Social Innovators Come to Cambridge for Workbar Speaker Series Panel Moderated by Tito Jackson

Photos by Workbar Member Sooz

Anyone who has explored the business scene in Boston knows the city enjoys many features that make success more achievable for entrepreneurs, such as great talent coming from some of the world’s best universities, plenty of capital and willing investors and a progressive local government that supports innovation initiatives.

However, even in a city where the innovation scene is growing and evolving every day, a number of social issues are threatening progress and jeopardizing the positive impact the startup and tech world have had on the local communities.

 Tito Jackson moderates a panel featuring Justin Kang, Cullen Schwartz, Stephanie Castaños and Trish Fontanilla at Workbar Cambridge on Wednesday, April 25th. Photo by Sooz.

Tito Jackson moderates a panel featuring Justin Kang, Cullen Schwartz, Stephanie Castaños and Trish Fontanilla at Workbar Cambridge on Wednesday, April 25th. Photo by Sooz.

Rich Conversation on Social Innovation

During an interactive discussion at Workbar Cambridge moderated by former Boston City Councilor Tito Jackson, panelists Justin Kang (Greater Boston Chamber of Commerce and City Awake), Cullen Schwartz (co-founder of DoneGood), Stephanie Castaños (Resilient Coders) and Trish Fontanilla (community organizer) tackled topics related to race, gender, diversity and inclusion in Boston.

Coming from diverse backgrounds and industries, the panelists shared their experience navigating Boston’s startup community and provided insight on how entrepreneurs can use business and non-profit work to build stronger, more inclusive communities.

One of my mentors once told me ‘You need to learn how to use business for social good’ and I believe it, it’s really important for organizations to find the intersection between being successful and being socially engaged.
— Stephanie Castaños

Changing Boston’s Reputation Around Race

While an attractive city for students and professionals because of its thriving business environment and famous academic institutions, Boston is also a destination that presents challenges to people of color. Speaking about Boston’s talent retention among millenials, Justin Kang explained that one of the top reasons why young people leave the city is because of its reputation of being racist.

The biggest challenge to social and civic innovation in this city is the negative reputation of Boston around race. It’s something that is affecting the brand of the city, it’s affecting business and it’s keeping us from moving forward.
— Justin Kang

Pay Disparity Hurting Minorities  

Speaking about the challenges facing minorities in the workforce in Boston, moderator Tito Jackson noted that the pay disparity between residents of the Back Bay neighborhood, historically one of the wealthiest in the city, and Roxubury, a predominantly African American and Latino neighborhood, is directly impacting people’s health.

Roxbury and Back Bay are about two miles apart. Life expectancy in Back Bay is almost 92. In Roxbury, it’s 59. That is lower than life expectancy in Congo and some other countries in Africa.
— Tito Jackson
 Former Boston City Councilor Tito Jackson speaks with a member of the audience before the panel. Photo by Sooz.

Former Boston City Councilor Tito Jackson speaks with a member of the audience before the panel.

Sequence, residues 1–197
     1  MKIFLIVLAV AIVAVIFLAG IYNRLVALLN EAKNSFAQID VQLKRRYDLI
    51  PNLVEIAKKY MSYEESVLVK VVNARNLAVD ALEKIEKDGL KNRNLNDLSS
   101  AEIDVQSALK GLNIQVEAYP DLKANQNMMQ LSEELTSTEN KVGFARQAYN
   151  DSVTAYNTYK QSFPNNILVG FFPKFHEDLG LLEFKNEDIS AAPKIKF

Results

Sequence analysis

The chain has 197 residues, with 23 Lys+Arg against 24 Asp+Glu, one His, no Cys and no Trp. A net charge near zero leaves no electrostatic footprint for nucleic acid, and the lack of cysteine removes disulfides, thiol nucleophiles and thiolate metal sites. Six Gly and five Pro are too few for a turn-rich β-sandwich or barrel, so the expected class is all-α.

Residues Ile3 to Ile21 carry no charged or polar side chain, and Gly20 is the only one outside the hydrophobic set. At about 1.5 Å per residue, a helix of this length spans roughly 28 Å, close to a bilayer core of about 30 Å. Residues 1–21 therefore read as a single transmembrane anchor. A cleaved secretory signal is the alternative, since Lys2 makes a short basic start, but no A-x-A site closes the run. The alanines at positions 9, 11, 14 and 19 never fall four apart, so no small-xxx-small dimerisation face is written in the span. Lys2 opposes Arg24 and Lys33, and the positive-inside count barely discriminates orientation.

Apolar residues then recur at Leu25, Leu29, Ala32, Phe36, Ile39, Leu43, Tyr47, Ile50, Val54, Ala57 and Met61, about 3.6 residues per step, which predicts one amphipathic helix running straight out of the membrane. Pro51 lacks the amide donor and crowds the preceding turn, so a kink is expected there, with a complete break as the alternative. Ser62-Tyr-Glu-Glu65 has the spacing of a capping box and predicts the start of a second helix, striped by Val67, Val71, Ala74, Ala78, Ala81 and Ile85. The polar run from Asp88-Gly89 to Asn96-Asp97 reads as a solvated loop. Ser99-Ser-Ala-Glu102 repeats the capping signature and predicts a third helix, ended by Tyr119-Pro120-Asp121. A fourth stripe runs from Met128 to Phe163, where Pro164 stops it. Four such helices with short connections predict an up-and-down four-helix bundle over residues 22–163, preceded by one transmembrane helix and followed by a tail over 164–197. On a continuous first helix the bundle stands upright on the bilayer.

Photo by Sooz.

The statistic supports the idea that underserved communities in Boston are yet to benefit from the city’s thriving tech and startup environment. However, there are local organizations working diligently to close the gap and help minorities gain professional development and grow their income. A great example: Resilient Coders, a non-profit that teaches people of color how to code and helps them find internships and apprenticeships in tech companies.


Hiring for Diversity in the Tech Industry

Elaborating on the connection between race and professional success, panelist Stephanie Castaños, a Relations Manager at Resilient Coders, shared that while organizations like hers, that help folks gain professional skills to enter the workforce, the power to change how society operates around race and income ultimately lays in the hiring businesses.

If you have a company, it doesn’t end with hiring a diverse team, if you hire a person of color, a woman, you now have to offer opportunities to help them become leaders, to advance their career and potentially earn more money.
— Stephanie Castaños

Advice to Aspiring Social Innovators and Entrepreneurs

When asked what makes a good social innovator, the panelists agreed that caring about the issue you are a trying to solve with your business should be priority number one, and that in order to fix a social problem, one needs to be ready to fully commit.  

Starting something is really hard. Entrepreneurs struggle all the time. What keeps us going is the idea that what we are doing is the single most important thing in the world. So you need to make sure you find that thing.
— Cullen Schwartz
Social media is great for sharing ideas, but for me, the really important thing to reach progress is to show up for the cause. You can’t think that you clicked ‘retweet’ and your work is done. Today we are seeing marches and protests and people actually committing and showing up to fight for change.
— Trish Fontanilla
The most important traits in entrepreneurship and social innovation are humility and empathy.
— Justin Kang

Workbar Speaker Series is a monthly event that connects local innovators and leaders in the Boston community and offers an interactive space for discussion, conversation and networking. With different topics and speakers each session, the event looks inspire attendees with insightful contributions and to create a positive footprint in the innovation scene.

Join us this May 24th for a Speaker Series Panel on The New Age of Localized Marketing.